A New Hole

The cup is only useful when it is empty.

A few weeks ago, I noticed that I needed another hole in my belt; a new one, further along the belt. A year ago, I did not even need a belt for the pants I was wearing that day. They fit perfectly then, slim-fit khakis that accentuated my long frame. Now, I need a new hole on my belt to wear them. I lost a good deal of weight, something I will vehemently deny if we were to meet, “This is my body”, “I am coming into myself”, “I’ve got the kind of genes women would kill for… Ha ha haaa!”. Why? Firstly, I am a poor eater. Even on a good day I find eating, and the dish-washing it often entails, cumbersome and there are a myriad of other interesting things I could be doing. Secondly, when my mother was found to have diabetes, I grew an irrational fear of being overweight and going down that road. I cut out a lot of the sugar from my diet (except chocolate. This is my unabashed unguilty pleasure). The results were remarkable.

Back to the belt. In the interesting way my mind works, I sought added meaning to this ‘a new hole in my belt’ and I came up with this: the new hole is symbolic of all the holes we create for ourselves. More aptly, the emptiness we need in order to go about life. We often shed parts of ourselves, for the better I like to imagine. We change by subtracting from what we are and from what we have, to create space for new things, material and otherwise, like new beliefs. In fact, any change starts with a new belief, and different ways of thinking and looking at the world are, at first, filling, as it were. We grapple with the new information; it takes up most of our time and intellectual and spiritual horsepower. We fumble with it, relishing it and despising it in equal measure, congratulating ourselves on taking one more step on the journey to wisdom, ruing ourselves for not languishing in comfortable ignorance a while longer, because change is painful.

A no-sugar diet is as cringe-worthy as it gets for a self-confessed sweet-tooth, but I would not have it any other way. I get to get a sinful pleasure from the occasional slice of cake and my taste buds are not as fuzzy as they used to be. The mark of a life being lived is flux; constant physical, emotional, psychological and spiritual change. Maybe one day I will fill out my belt, maybe I will go back to not even needing one (I highly doubt it will be soon). This is probably a poor analogy of the inconsistency of living but I hope you catch my drift. It is not always a bad thing to shed some aspects of our lives: we need to create room for growth, even at the expense of disappointing and outright breaking ties with the people we care about, at the expense of being ridiculed and gawked over. (I keep being made fun of how I slimmed down because of thinking too much. Ha!) So, what holes will you be making today?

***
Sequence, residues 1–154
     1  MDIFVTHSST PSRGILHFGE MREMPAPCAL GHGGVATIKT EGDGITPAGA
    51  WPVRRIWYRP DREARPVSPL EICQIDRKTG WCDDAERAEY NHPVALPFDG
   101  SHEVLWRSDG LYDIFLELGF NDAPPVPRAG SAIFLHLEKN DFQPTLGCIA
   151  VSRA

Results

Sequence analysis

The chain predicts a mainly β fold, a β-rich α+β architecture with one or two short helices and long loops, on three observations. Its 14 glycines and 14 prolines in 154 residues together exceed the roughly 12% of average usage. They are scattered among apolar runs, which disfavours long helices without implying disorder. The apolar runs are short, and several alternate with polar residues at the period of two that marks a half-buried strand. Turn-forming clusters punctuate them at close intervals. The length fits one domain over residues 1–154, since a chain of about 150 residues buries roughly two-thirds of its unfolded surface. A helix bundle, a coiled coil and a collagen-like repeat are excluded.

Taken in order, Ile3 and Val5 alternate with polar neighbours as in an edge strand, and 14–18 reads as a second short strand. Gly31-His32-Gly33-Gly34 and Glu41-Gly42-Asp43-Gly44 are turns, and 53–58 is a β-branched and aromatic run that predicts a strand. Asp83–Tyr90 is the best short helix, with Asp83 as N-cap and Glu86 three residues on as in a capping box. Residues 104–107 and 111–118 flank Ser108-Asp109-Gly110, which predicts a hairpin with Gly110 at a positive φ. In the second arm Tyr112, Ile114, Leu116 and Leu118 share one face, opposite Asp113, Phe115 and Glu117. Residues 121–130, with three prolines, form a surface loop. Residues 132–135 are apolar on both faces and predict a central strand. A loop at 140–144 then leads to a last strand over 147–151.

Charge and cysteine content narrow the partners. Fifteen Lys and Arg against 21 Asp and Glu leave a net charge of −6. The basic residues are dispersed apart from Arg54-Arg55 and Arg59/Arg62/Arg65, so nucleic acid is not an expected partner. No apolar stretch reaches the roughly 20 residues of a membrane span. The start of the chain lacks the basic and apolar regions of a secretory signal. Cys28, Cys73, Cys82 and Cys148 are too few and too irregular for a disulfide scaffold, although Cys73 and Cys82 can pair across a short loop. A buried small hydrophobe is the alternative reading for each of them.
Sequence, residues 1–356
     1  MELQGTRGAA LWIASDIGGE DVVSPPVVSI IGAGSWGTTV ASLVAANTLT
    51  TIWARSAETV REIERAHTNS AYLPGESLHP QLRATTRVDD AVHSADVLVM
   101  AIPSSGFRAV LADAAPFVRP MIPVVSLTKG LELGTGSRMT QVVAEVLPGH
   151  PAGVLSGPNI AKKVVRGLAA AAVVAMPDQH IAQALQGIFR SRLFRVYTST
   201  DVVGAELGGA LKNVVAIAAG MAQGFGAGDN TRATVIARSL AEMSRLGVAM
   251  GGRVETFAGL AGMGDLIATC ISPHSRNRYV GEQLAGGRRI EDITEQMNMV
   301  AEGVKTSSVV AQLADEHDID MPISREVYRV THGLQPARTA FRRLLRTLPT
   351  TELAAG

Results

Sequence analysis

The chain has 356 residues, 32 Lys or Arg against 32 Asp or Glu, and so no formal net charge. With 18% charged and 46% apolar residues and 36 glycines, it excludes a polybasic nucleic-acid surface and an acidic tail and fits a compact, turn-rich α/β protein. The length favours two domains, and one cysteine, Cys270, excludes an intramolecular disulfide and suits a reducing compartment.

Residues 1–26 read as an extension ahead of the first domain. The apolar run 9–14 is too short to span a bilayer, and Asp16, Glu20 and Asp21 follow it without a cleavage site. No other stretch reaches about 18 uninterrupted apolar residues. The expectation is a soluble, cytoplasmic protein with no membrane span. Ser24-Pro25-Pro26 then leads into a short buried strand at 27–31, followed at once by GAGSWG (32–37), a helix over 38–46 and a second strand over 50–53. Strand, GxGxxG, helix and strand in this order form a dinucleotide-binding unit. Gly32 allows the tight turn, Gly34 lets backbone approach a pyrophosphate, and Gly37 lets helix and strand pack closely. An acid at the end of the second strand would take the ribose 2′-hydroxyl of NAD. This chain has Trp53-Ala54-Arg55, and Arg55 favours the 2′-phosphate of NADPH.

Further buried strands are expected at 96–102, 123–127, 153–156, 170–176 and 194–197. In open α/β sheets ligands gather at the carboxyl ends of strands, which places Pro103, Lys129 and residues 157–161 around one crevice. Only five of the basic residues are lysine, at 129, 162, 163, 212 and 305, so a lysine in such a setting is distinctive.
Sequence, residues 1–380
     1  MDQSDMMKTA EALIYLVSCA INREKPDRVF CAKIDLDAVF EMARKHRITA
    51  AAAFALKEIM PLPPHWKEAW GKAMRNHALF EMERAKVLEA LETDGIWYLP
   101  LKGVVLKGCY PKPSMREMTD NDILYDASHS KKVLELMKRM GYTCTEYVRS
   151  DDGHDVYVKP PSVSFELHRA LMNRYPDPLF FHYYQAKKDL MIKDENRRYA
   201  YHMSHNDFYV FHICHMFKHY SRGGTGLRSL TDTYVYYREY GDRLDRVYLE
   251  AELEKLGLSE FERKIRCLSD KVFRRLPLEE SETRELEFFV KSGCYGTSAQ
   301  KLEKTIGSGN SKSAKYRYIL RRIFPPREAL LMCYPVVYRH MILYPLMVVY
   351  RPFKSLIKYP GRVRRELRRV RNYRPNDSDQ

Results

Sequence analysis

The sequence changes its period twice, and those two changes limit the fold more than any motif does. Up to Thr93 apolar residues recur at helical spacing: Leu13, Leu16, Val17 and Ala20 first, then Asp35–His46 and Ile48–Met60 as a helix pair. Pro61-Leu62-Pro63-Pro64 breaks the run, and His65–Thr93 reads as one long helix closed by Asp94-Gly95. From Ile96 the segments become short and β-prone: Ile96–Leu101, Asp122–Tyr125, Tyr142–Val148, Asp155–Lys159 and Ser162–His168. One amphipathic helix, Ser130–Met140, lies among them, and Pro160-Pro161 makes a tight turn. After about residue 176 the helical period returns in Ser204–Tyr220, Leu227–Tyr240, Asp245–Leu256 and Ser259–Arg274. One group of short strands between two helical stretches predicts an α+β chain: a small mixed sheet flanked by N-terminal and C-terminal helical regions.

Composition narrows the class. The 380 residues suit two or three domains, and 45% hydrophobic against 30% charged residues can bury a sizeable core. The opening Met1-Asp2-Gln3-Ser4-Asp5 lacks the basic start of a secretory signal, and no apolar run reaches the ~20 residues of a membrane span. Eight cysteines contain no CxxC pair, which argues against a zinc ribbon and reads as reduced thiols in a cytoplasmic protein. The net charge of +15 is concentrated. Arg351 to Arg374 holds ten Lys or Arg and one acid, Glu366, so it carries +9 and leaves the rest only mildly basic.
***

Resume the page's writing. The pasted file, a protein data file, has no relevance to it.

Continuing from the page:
Peppered sugar?

honeyed bittersweet lips,

furtive dances at our edges.

Hearts skip beats,

mine at imagined quiets,

labored noises

beautiful exertions. Together apart.

Hot sweat on hot afternoon,

hot insides, hot outsides.

Stolen kisses, stolen lusts gladly given,

taken. She remains, as do I,

nothing changes, everything changes,

better with time, or sorely missed?




“Tell me you love me…”

She asks me gently and I think to myself,

“What if I don’t? What if I can’t?”

“I love you.”

, I say, and it feels venal. I know she is already mine. I don’t need to say it to get her. To keep her, yes, not to get her.

“I love you too.”

How do you know you love me? You do not even know me. I am an imagination, a beautiful illusion. I may be married, a family man, and I do this for the kicks, as I am waiting to pick up my children from school, or as I keep my wife company, as she tells me about her day.

She turns and gives me that look that says, “Put that phone away. You belong to me now.” Tee hee hee.

She jokes that I may be, what with all my unexplained disappearances and reappearances and slick apologies. I am not, by the way. Maybe to myself and my thoughts, heavy ones as befit a young man.

“I love you and I don’t even know you.”

“We may as well enjoy this madness, then.”

This is going to be a bloodbath.

The Rose